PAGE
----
In the previous post entitled A Simple Laravel ACL Example we wrote a simple custom access control list (ACL) and learned that the steps we went through also apply to plain PHP apps as well as to any other PHP framework.
Today we are taking a step further by letting our app authorize validation logic in a decoupled way with the help of Laravel’s form requests.
Since authorization stuff needs to be performed by access control rules, we’re now taking full advantage of our ACL while following one of the five SOLID principles of object oriented design: the Open-Closed principle.
The Open-Closed principle states that object-oriented classes should be open for extension but closed for modification, and this is precisely how the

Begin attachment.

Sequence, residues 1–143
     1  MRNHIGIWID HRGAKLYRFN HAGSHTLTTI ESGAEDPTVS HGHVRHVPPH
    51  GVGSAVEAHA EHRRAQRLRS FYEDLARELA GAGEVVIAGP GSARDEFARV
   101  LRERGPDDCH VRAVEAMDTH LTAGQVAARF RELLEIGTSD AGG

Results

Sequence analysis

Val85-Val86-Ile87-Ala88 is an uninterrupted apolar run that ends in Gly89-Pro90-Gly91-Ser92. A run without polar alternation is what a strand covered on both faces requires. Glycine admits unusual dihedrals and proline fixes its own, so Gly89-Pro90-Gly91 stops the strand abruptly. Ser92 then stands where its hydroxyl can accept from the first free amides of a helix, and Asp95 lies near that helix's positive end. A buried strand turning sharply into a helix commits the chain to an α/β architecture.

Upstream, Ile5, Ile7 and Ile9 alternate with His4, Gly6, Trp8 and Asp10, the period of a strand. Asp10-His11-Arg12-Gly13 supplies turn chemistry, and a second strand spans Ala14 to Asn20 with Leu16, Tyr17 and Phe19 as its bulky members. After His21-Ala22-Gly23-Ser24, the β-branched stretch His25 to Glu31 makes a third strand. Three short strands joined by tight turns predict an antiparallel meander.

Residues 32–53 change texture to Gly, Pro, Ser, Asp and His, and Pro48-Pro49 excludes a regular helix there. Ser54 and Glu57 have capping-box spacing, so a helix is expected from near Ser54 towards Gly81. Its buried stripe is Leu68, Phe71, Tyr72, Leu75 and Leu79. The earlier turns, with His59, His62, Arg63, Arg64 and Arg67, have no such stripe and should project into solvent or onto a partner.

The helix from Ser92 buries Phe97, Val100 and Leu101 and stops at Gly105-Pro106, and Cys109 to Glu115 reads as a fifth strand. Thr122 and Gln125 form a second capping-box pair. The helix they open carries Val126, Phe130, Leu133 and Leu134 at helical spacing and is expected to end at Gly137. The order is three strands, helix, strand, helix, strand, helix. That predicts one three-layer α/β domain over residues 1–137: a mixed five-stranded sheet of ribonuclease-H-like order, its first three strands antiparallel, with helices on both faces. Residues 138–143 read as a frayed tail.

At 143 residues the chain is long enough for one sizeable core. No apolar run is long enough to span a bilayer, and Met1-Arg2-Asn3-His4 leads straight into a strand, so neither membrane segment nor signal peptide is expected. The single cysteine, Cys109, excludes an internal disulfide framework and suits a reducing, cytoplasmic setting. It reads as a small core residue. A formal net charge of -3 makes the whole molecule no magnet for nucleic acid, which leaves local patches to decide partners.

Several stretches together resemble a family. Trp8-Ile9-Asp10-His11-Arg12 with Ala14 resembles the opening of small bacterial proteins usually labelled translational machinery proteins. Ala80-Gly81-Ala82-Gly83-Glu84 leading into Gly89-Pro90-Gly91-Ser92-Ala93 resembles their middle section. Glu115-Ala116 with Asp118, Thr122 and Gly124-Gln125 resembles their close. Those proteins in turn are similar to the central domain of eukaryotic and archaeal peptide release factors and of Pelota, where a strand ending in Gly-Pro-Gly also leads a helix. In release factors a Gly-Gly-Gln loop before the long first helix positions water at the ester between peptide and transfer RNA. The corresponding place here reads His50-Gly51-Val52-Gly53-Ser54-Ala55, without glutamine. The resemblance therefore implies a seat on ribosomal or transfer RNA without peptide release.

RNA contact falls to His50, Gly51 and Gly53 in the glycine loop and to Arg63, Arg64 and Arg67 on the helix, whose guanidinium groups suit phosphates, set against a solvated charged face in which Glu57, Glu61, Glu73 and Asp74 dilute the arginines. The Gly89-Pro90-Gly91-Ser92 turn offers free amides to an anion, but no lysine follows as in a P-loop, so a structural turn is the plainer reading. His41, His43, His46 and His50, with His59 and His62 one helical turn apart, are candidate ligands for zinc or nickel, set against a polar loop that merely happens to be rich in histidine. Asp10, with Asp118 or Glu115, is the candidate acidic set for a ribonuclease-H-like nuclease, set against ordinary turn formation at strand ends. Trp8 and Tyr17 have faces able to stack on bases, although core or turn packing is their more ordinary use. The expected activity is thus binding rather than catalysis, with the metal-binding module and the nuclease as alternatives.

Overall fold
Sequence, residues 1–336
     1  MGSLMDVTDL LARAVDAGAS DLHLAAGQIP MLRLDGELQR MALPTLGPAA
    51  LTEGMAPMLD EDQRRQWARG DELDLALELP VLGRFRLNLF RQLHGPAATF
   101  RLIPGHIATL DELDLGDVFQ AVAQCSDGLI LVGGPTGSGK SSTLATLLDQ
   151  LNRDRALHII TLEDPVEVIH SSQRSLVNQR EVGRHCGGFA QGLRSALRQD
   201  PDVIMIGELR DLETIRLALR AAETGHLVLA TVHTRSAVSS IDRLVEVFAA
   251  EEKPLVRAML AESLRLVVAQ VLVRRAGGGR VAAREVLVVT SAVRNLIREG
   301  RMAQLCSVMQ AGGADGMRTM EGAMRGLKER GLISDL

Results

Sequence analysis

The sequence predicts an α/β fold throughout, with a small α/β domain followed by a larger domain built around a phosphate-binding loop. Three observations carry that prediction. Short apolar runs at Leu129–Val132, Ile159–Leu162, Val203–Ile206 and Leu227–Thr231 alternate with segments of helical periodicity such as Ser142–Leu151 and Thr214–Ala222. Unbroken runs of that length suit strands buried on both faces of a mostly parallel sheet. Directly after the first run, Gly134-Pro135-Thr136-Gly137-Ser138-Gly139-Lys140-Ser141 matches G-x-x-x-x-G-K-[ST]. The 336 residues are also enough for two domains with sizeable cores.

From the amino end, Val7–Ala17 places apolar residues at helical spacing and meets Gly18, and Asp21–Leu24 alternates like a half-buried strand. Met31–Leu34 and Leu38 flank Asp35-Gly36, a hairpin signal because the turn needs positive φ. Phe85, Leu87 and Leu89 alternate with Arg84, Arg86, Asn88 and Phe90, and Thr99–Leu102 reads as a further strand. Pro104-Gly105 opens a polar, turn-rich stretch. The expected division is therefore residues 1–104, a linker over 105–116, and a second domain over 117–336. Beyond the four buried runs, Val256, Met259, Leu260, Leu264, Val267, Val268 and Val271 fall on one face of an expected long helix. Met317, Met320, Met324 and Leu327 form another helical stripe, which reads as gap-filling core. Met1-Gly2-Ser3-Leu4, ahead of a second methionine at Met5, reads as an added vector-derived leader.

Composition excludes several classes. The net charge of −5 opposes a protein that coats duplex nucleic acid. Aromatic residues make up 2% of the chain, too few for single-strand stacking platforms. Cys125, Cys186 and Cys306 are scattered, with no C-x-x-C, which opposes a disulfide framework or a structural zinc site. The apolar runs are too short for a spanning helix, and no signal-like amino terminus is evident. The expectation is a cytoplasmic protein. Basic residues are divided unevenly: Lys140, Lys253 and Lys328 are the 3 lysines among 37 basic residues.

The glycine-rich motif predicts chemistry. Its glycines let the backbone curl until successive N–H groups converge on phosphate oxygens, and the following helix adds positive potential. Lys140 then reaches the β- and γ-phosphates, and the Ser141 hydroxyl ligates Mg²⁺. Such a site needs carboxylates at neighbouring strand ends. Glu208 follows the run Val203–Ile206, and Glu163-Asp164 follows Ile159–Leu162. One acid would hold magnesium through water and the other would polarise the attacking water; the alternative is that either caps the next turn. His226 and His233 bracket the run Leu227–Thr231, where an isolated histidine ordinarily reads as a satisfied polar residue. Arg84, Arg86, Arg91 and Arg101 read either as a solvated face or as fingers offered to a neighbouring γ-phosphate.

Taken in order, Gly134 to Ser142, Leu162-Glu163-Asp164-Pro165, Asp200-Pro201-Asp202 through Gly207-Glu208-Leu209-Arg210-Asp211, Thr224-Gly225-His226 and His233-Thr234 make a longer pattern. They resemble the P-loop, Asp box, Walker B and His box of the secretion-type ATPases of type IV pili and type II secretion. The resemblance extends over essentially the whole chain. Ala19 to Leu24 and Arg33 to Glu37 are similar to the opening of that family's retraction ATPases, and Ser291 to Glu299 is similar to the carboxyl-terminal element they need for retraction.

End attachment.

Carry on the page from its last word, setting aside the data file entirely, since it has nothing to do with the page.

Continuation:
Illuminate\Foundation\Http\FormRequest class has been implemented.
Don’t let the terminology scare you off. If you have a look at the documentation you will notice the
authorize() method is basically saying:
I’m ready to be overridden out-of-the-box.
So, this is how to extend Laravel’s form request validation mechanism to properly authorize form requests with a one-liner.
authorize() method is overridden in the child class and the current user’s role is checked against the incoming route action in the exact same way we did with our custom ACL middleware.
On the other hand, all form requests must now extend
AbstractAuthorizedFormRequest as shown in the following example.
In a nutshell, we’re trying to follow a good practice in terms of object-oriented design. The validation logic is authorized through access control rules (ACL) in one single location, the
authorize() method in